Fiat Chrysler, Peugeot shareholders approve merger
MILAN — Shareholders of Fiat Chrysler and PSA Peugeot voted Monday to merge and create the world’s fourth-largest auto company which, its architects hope, can more readily take on an enormous technological shift in the industry.
Addressing separate meetings, PSA Peugeot CEO Carlos Tavares and Fiat Chrysler Chairman John Elkann spoke of the “historic” importance of the merger, which combines car companies that helped write the industrial histories of the United States, France and Italy. Tavares will run the new company, while Elkann stays on as chairman.
The only real hurdle left to closing the deal is listing shares of the new company, to be called Stellantis. The companies expect it to be finalized Jan. 16, with shares in the combined company trading on Jan. 18 in Milan and Paris and Jan. 19 on the New York Stock Exchange. Fiat Chrysler shares were up 0.2 percent in New York on Monday at $18.13, while Peugeot rose 1.7 percent to 22.75 euros.
Fiat Chrysler announced Monday that its stockholders as of Jan. 15 will get a special cash payment worth 1.84 euros ($2.26) per common share after the merger closes. The payments will cost 2.9 billion euros ($3.56 billion).
The new company will have the capacity to produce 8.7 million cars a year, behind Volkswagen, Toyota and Renault-Nissan, and create 5 billion euros in annual savings.
The marriage of the Italian-American and French rivals is built on the promise of cost savings in the capital-hungry industry during a technological shift to electrified powertrains and autonomous driving. But what remains to be seen is if it will be able to preserve jobs and heritage brands in a global market still suffering from the pandemic.
“Together we will be stronger than individually,” Tavares told a virtual gathering of shareholders. “The two companies are in good health. These two companies have strong positions in their markets.”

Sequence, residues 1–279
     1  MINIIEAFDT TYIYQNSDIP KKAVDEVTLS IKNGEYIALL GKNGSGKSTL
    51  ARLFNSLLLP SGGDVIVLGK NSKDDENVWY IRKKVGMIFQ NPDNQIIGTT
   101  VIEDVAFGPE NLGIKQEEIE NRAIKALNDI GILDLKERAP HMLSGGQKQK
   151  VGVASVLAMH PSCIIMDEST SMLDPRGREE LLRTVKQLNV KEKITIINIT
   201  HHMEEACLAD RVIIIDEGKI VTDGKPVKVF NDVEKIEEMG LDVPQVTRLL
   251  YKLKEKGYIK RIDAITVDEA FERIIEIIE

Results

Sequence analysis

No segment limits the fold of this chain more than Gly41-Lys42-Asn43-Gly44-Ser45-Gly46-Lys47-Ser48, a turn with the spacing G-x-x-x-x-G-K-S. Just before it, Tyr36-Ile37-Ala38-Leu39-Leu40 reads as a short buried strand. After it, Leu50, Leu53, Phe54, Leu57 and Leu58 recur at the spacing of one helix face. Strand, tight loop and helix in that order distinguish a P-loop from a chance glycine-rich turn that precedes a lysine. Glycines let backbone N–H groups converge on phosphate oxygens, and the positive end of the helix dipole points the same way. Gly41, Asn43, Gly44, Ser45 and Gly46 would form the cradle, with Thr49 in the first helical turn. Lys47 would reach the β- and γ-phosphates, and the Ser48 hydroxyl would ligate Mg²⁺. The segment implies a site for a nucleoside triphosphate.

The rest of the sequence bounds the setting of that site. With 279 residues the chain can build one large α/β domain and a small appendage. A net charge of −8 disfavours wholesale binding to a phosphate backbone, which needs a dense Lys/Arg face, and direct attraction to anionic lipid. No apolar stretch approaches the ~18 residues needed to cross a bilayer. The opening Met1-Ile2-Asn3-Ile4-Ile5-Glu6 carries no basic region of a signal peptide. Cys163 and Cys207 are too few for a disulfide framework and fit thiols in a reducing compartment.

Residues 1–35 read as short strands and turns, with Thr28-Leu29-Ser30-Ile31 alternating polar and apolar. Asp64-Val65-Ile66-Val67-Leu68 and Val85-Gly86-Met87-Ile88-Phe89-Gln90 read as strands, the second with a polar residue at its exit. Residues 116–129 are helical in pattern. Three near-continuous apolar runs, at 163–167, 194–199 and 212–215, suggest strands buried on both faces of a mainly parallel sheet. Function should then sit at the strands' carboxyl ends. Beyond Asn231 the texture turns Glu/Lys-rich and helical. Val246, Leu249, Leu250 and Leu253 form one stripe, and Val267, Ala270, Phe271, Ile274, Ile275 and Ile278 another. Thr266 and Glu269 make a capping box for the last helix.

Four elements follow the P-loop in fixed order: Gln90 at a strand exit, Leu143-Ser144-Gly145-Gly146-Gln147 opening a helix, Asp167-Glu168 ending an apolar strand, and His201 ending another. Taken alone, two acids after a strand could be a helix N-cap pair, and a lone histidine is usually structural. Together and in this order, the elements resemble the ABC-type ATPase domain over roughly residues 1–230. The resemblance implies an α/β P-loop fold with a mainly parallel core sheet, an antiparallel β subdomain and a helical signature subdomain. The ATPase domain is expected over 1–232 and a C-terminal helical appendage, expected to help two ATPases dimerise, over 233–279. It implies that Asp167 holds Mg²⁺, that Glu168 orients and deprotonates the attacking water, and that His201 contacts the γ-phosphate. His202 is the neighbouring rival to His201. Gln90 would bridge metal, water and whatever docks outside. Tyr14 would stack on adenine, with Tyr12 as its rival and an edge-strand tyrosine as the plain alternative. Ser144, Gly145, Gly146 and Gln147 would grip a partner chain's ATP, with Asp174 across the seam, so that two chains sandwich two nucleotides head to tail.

The new company will put together French mass-market carmakers Peugeot and Citroen, top-selling Jeep, and Italian luxury and sports brands Maserati and Alfa Romeo – pooling brands with histories spanning from 75 to over 120 years with strong emotional pull in their home markets.
“We are living through a profound era of change in our industry,” said Elkann, heir to the Fiat-founding Agnelli family and Fiat Chrysler’s biggest shareholder. “We believe that the coming decade will redefine mobility as we know it.”
While the tie-up is billed as a merger of equals, the power advantage goes to PSA, with Tavares running Stellantis and holding the tie-breaking vote on the 11-seat board. Tavares is set to take control of the company early this year, possibly by the end of January.
Fiat Chrysler CEO Mike Manley will head North American operations, which is key to Tavares’ long-time goal of getting a U.S. foothold for the French carmaker he has run since 2014, and the clear money-maker for Fiat Chrysler.
Manley said about 40 percent of the savings will come from combining platforms, the underpinnings of vehicles, and engines and transmissions. Another 35 percent of the savings will come from joint purchasing, especially with electric and high tech components, he said, while 7 percent will come from sales, general and administrative cost savings.
The companies will get the rest of the savings from optimizing other areas including logistics, supply chain, quality and parts sales, he said.
“We feel confident that this integration can be achieved as both companies have previously gone through significant business combinations,” Manley said. “And by virtue of successful execution, they have both emerged stronger from each of them.”